The fisher women of Agaete no longer go around the sidestreets of the north of Gran Canaria, carrying a bowl of sardines on top of their heads shouting “Sardiiiiiines! Fresh sardines! Lovely sardines!”. Those times of sacrifice and hard life are fortunately long gone and are now just stories old grandmothers in Agaete might pass on to their grandchildren. Some of these grandchildren, indeed, are fishermen today and when night falls with no moonlight, they set off “to see if they can catch a bite in the dark”.
So they will be up as early as three o’clock in the morning, starting up the engines on their little boats (around 10 metres long) and sailing out, keeping the coastline within view (to coin a phrase, as the mountains are actually really hard to make out in the darkness, but there are always odd lights to guide them along), towards different points along the coastline of La Aldea and Sardina, to the west of Gran Canaria.
A small boat is pulled along behind which allows them to trawl in the sardines, which they attract to the boats with a bright light. The water is about 30 feet deep at this point and foam starts to bubble up to the surface, signaling that the sardines are on their way up. It has been a long wait, but there they are, preceded by mackerel, who are first to reach the surface. Once they have got the trawling net around them, it is time to pull them in.
At sunrise they moor up in the next port, at Las Nieves, where vans are waiting to be loaded up with the prized catch, to take the fish to their customers, so they can taste the fruits of the seas.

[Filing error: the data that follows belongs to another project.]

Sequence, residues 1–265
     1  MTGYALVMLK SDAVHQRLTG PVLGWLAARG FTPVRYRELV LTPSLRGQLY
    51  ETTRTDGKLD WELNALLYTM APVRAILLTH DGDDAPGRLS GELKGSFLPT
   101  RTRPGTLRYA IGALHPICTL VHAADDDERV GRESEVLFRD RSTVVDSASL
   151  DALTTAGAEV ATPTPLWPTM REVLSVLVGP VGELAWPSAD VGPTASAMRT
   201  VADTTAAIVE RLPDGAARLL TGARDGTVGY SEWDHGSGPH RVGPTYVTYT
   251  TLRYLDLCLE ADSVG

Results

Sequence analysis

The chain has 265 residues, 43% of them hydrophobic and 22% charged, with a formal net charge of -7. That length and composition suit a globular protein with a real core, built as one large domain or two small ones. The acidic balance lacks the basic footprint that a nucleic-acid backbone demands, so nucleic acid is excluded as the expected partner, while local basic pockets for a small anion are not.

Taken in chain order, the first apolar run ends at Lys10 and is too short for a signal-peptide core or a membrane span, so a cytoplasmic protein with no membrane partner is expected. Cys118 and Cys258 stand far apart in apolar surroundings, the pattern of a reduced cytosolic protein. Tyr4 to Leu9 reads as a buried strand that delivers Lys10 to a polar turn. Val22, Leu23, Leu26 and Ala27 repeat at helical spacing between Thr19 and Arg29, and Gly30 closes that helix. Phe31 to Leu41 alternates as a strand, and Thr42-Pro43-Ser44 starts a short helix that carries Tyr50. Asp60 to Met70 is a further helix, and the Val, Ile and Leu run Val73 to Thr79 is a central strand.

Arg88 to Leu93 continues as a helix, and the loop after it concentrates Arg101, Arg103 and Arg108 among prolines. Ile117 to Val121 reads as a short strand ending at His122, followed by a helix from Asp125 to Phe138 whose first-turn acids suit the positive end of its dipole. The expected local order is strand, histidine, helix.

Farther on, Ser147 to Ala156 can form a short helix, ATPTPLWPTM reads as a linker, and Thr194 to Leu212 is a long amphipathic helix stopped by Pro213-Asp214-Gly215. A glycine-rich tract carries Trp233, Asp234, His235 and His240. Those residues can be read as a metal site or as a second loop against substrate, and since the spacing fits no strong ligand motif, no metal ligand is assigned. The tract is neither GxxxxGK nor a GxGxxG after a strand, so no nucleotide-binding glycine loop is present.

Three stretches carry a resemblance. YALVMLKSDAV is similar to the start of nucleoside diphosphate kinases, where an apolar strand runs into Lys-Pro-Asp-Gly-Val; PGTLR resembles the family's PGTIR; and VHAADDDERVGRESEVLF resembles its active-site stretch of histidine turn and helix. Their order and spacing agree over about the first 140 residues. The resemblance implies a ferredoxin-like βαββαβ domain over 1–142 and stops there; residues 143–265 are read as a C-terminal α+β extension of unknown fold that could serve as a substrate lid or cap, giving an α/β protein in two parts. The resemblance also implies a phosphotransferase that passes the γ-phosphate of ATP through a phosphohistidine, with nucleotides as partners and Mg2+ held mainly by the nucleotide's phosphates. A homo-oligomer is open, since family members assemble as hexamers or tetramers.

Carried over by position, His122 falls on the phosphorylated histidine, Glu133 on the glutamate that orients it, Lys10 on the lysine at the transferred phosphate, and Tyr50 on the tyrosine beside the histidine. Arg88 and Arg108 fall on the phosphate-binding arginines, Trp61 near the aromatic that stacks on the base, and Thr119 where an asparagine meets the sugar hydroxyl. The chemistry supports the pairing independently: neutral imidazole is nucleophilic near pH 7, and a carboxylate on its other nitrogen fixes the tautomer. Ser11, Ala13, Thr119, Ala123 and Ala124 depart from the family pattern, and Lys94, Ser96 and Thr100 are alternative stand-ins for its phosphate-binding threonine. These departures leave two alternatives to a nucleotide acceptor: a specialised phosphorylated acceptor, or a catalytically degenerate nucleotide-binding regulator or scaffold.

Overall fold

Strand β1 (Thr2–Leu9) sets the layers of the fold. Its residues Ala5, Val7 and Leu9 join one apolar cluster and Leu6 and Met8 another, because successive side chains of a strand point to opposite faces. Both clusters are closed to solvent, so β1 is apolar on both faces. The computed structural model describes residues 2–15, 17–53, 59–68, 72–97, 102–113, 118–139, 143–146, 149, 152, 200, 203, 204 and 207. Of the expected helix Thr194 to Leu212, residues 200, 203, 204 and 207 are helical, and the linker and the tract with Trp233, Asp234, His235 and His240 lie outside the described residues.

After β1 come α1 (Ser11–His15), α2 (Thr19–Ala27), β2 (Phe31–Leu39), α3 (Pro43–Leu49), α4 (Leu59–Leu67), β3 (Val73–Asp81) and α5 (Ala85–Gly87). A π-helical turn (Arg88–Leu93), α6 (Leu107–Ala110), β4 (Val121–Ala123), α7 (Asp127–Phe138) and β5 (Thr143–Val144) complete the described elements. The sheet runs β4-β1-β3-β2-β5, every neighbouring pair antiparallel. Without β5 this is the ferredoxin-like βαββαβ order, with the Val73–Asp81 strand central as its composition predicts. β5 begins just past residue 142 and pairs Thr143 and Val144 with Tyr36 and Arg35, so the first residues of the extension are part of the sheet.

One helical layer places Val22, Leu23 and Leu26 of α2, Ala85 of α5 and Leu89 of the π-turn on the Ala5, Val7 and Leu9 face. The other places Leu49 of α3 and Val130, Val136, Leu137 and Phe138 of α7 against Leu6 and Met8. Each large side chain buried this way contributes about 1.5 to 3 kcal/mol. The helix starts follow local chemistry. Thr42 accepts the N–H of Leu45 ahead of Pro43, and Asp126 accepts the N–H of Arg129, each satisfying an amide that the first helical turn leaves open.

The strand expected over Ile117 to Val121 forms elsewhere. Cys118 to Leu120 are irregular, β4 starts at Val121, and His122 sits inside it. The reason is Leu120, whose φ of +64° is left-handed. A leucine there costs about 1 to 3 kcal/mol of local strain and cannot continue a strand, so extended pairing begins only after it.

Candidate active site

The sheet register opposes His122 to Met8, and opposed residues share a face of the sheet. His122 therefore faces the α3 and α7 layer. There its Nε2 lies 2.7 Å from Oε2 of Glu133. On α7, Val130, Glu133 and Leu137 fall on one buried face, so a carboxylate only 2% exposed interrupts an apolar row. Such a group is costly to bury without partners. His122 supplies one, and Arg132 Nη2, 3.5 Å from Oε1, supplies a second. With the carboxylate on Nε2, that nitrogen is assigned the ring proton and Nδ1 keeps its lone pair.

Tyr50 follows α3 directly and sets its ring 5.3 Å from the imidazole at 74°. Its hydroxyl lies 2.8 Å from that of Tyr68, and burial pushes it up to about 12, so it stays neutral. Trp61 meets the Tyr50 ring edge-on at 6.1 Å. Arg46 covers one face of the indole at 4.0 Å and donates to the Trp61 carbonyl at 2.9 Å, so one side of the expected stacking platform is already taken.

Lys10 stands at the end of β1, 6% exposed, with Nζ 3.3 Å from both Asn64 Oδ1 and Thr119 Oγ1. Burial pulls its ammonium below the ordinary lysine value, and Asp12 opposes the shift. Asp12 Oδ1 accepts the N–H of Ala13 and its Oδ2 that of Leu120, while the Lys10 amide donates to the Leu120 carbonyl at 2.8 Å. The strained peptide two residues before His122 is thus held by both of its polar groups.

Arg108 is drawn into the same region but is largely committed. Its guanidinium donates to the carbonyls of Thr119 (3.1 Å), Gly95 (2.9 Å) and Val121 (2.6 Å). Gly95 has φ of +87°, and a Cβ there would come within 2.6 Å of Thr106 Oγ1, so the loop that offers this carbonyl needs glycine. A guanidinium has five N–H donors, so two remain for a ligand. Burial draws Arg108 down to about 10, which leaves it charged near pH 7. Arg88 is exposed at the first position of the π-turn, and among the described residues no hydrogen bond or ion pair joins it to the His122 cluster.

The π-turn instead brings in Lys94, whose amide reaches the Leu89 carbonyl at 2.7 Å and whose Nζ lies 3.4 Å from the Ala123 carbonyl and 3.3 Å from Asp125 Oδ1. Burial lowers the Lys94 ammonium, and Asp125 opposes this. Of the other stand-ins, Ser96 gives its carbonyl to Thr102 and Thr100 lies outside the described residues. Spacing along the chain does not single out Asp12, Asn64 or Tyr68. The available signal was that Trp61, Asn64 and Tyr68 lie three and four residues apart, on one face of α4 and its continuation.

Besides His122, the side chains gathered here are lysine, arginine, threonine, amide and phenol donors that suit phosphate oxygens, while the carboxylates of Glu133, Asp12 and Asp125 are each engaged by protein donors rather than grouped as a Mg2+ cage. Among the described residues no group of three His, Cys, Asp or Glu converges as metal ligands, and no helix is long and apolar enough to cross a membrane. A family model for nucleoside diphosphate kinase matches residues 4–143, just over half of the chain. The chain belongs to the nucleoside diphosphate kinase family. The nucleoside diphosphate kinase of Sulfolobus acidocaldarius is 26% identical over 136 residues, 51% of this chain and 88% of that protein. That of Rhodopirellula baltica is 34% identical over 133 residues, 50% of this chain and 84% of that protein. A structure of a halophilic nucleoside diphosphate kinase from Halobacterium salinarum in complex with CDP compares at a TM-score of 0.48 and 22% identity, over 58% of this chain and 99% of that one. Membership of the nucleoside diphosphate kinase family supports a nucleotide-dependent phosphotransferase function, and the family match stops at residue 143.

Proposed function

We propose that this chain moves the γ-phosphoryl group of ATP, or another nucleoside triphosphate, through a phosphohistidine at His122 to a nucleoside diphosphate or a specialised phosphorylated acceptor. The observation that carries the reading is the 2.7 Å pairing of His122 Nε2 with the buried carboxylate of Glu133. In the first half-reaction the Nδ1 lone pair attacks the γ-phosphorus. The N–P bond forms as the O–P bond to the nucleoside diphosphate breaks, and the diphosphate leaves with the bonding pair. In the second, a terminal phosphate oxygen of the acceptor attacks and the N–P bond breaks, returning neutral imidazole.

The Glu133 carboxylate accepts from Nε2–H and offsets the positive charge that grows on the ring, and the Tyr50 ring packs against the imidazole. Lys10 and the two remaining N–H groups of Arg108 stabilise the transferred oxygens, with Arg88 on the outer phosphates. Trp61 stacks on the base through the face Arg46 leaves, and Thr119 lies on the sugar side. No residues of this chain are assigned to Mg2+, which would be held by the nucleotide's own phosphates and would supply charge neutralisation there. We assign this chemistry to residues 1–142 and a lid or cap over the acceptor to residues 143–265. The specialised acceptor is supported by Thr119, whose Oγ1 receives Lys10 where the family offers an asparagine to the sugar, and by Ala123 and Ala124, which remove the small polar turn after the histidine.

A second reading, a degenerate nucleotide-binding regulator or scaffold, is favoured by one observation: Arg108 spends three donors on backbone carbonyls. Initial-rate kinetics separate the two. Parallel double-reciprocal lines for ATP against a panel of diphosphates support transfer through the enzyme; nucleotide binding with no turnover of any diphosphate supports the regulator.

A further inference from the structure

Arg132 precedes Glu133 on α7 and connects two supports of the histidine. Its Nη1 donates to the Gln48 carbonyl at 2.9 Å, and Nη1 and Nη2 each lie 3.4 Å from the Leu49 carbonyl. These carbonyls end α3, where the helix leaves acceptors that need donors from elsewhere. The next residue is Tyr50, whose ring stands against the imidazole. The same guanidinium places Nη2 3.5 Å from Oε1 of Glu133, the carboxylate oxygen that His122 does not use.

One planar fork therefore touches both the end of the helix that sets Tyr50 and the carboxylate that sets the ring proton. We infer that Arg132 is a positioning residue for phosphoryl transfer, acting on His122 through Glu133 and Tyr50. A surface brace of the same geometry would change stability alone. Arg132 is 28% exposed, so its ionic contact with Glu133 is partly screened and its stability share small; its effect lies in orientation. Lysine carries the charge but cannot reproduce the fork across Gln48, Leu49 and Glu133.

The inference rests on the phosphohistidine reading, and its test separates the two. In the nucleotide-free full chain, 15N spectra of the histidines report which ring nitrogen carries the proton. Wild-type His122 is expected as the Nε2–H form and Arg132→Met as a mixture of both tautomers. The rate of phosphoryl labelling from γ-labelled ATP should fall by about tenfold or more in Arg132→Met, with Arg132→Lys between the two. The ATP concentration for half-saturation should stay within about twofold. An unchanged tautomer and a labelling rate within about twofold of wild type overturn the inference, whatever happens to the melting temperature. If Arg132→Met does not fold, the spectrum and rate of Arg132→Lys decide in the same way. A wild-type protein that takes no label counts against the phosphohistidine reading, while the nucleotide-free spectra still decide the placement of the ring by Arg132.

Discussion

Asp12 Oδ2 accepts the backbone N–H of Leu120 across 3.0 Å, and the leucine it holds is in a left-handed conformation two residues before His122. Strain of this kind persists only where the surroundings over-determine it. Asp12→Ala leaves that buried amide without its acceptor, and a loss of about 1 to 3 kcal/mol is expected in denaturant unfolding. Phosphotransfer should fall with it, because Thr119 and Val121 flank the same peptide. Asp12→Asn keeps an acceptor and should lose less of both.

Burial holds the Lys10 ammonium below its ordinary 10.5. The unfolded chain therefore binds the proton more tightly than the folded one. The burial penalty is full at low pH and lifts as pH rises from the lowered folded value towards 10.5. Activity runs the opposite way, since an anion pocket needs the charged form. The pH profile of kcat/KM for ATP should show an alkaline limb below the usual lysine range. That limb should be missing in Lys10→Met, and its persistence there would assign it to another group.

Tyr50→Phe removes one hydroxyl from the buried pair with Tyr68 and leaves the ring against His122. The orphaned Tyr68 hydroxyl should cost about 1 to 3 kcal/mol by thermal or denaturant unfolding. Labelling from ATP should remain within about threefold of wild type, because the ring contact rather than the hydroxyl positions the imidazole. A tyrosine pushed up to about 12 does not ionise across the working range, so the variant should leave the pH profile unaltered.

At these early hours of the day and following a night of hard work, what the fishermen feel like most – this is a matter of habits and tastes – it to sit back and have a swig of nice coffee. Luckily for them, the coffee in Agaete is the best around, and is cultivated just a few kilometres up the road in the valley of the same name.
Agaete can proudly boast of being the only place to cultivate coffee in Europe, with a tradition that goes back to the 19th century, with one of the scarcest and most ancient beans in the world, within a common coffee type, the Coffea arabica.
Production is on a small scale, and the coffee plants are traditionally planted along the borders of the plantations. They currently hold pride of place and are the centre of attention for many estates, although they have not abandoned other crops for which the valley is equally famous on the island: and while we are on the subject of breakfast, before we take a sip of coffee, a fruit salad of excellent papayas and oranges plucked from the trees will go down very nicely.
Half way through last century the valley was mainly for banana crops, in this case “the coffee plants were planted around the edges as they shielded from the wind and produced something”, explains one of the old farmers from the area. “This valley used to be all coffee, from Los Berrazales all the way down to the Puerto de Las Nieves –continues another–. But at the La Casa Rosada as we call it –nowadays a lovely peaceful rural hotel–, from this point downwards we grew less coffee because it was getting too near the beach and coffee growers don’t want any interference from the sea. But this valley used to have coffee nearly everywhere”.
HandMade Tours organizes made to measure excursions, for small groups and with a personalized service. Gastronomic Tours that provide an insight into the coffee-growing culture of the Valley of Agaete.
Telephone: (+34) 677 389 690